Cliffnotes was actually one of the first student literary guides and was primarily a print guide. Now it has a site similar to the layout that Sparknotes has. Again the best guides are usually for books studied frequently in high school and the rest usually lack in either summary or analysis. One awesome feature that CliffNotes has that Sparknotes doesn't is they often have a section of critical essays that discuss an important theme or motif in the novel.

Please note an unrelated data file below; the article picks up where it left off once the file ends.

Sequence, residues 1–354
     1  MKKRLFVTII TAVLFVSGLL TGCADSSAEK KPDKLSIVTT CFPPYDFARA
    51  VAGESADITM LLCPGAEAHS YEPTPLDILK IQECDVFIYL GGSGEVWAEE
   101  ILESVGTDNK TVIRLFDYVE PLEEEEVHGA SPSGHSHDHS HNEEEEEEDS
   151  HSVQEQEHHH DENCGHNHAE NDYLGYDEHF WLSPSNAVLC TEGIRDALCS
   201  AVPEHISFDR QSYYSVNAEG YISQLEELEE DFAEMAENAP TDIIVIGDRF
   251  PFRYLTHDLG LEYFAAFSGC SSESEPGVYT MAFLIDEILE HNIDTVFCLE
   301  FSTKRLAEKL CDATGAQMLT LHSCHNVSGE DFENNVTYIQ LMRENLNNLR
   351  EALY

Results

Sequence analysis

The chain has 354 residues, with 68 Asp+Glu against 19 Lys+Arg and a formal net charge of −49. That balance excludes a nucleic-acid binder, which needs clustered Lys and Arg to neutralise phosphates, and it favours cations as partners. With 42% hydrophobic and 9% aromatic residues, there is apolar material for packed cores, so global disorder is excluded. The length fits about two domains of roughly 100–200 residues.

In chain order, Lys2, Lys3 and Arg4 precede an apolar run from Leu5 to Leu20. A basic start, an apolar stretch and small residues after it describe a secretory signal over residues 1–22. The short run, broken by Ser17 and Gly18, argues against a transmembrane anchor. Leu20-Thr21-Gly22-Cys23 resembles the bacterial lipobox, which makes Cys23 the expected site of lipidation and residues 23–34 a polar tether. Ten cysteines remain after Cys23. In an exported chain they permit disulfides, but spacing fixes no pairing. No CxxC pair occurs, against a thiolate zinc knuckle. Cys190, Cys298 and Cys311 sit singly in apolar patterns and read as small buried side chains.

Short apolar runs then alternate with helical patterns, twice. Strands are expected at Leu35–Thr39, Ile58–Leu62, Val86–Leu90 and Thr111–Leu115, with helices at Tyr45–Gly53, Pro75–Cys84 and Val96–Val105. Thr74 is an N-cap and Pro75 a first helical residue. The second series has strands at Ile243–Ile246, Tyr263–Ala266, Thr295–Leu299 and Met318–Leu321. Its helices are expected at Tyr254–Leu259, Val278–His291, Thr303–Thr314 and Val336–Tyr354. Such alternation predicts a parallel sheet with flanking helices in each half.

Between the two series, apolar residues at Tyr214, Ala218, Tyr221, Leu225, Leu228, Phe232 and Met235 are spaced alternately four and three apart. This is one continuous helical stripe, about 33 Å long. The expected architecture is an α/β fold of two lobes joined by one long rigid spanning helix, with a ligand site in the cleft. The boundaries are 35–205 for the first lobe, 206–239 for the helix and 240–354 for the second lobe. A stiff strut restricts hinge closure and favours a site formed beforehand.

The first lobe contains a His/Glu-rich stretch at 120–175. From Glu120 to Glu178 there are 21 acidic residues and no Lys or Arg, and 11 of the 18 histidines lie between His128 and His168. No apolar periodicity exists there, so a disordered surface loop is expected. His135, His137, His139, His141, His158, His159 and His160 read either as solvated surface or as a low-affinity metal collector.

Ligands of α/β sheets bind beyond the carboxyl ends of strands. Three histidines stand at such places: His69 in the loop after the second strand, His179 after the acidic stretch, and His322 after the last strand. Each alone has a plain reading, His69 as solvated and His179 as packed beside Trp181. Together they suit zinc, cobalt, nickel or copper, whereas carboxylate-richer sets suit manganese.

Gradesaver, like the two previous resources provides great literary study guides that tackle summary, analysis, character breakdowns, a discussion of the prevalent themes, and usually has a section devoted to the author's background. In my own studies, Gradesaver is usually the site I turn to when Sparknotes lets me down, which is getting more frequent as of late. While they too have guides devoted to popular texts, they also cover plenty that aren't usually taught in high school and have some great articles devoted to the great poets as well. I know they were super helpful when I was trying to pick a great Yeats poem to write a 5 page paper on. I was even surprised to find they had a fully fleshed out guide on Chretien de Troyes' "Knight of the Cart" story, which was an immense help when I was writing my 10 page paper for my independent study on the tradition of Arthurian Romance. I finished all of Chretien's Arthurian Romance stories at the beginning of November and by the time the middle of December came around, it was difficult to remember where each incident took place. Gradesaver's summary was broken up into line sections, which made it easy for me to pin point the line numbers for the incidents I wanted to incorporate into my paper.